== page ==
Aboard the USS Constitution

Inside Reagan's Navy

On this day, the restored Statue of Liberty was rededicated by President Reagan in a gala event that featured an in-gathering of naval vessels from around the world, many of them full-rigged “tall ships.” I could have gone but jumped at the chance to do something that in an ordinary year John Lehman or Jim Goodrich always did: represent the Navy Department on the annual “turnaround cruise” of USS Constitution (“Old Ironsides”) in Boston Harbor. Then and still today, Old Ironsides remains a fully commissioned vessel of the US Navy with a commanding officer and crew. Every year on Independence Day, the ship (built in 1797) is hauled by tugs to a point in mid-harbor, turned around, and returned to the dock the other way around so that she will weather evenly.

Constitution crew member, wearing a naval uniform from 1812 with a tasseled straw sombrero, picked me up at the hotel and drove me the short distance to the Charlestown Navy Yard. In the headquarters building I met my fellow special guests, most notably the consul general of Japan. We were then led on board in reverse rank, passing through a double line of gents in Revolutionary War uniforms, dipping colonial flags, and past a line of sailors who held their broad-brimmed hats at arm’s length – a salute called the “hoozah” – and on board ship.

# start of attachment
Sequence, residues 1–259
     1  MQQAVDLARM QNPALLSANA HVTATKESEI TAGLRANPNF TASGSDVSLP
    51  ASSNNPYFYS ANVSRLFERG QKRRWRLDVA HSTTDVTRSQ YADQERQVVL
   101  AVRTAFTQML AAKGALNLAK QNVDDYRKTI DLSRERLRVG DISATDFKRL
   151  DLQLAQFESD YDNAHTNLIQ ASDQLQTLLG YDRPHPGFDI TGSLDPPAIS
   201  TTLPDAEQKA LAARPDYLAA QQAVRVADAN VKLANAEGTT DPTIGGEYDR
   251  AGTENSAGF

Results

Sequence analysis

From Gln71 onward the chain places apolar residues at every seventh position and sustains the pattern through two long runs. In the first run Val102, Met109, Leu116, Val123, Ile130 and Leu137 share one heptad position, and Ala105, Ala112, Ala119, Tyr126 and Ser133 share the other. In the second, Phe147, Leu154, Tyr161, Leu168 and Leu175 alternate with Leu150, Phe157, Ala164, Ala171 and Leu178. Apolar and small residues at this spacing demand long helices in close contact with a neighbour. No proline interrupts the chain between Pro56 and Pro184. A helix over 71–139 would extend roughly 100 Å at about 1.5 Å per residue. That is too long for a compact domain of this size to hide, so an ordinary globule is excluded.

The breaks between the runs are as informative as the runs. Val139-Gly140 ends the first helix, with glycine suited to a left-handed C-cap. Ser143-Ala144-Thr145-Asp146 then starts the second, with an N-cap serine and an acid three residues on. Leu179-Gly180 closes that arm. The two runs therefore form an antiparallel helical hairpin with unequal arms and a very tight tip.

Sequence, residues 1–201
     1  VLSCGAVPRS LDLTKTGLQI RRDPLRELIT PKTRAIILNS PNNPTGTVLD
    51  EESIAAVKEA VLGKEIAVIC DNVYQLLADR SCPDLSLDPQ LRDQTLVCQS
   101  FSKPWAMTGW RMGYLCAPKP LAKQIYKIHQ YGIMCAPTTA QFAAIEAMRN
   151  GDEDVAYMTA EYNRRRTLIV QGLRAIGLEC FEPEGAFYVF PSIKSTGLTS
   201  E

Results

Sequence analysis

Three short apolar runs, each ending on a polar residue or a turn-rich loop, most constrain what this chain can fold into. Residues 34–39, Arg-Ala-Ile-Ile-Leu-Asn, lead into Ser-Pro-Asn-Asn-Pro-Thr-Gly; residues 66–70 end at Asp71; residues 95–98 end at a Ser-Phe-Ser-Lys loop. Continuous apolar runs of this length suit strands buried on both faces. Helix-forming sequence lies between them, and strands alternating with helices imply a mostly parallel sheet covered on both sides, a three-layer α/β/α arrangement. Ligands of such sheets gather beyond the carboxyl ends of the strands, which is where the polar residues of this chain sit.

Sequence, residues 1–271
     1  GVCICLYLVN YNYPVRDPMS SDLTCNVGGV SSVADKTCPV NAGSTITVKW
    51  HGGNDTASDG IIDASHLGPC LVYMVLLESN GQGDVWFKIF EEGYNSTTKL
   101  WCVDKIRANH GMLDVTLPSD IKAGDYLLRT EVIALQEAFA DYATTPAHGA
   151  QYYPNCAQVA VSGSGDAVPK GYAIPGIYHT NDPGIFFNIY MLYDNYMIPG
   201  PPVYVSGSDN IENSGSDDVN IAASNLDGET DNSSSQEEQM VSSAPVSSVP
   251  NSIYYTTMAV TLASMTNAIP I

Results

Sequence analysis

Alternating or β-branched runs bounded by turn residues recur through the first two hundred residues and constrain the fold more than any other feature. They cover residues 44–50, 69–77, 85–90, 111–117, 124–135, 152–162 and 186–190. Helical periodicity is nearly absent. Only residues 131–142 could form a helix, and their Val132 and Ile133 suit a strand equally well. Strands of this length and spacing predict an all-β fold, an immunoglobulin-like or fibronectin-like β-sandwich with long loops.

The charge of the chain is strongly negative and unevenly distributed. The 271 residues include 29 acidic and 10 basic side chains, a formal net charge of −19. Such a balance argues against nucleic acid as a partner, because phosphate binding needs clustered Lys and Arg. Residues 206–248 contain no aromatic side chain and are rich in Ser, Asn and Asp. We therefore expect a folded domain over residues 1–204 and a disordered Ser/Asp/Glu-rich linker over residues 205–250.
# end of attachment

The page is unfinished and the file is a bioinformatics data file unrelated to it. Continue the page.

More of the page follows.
A tug pushed us out in the harbor, where we picked up an escort of Coast Guard, police, fire, and pleasure craft. I was below, touring the gun and berthing decks, when Constitution started firing a 21-gun salute to the flag, answered by an old fort on one of the harbor islands. Sailors in old-style dungarees and new-style goggles and earmuffs fired the shells in what an officer called “the world’s only breech-loading muzzle loaders” – iron guns cast in the 1920s to resemble the ship’s original armament.

When we returned to the pier, I stopped at the foot of the brow to receive a 17-gun salute. The battery caused the crowd to jump and squeal, and the smoke from the black powder made the air as thick and gray as off. When the firing ended, I stumbled blindly off, waving the cloud away.

Read more in Inside Reagan’s Navy, available on Amazon and at Texas A&M University Press.

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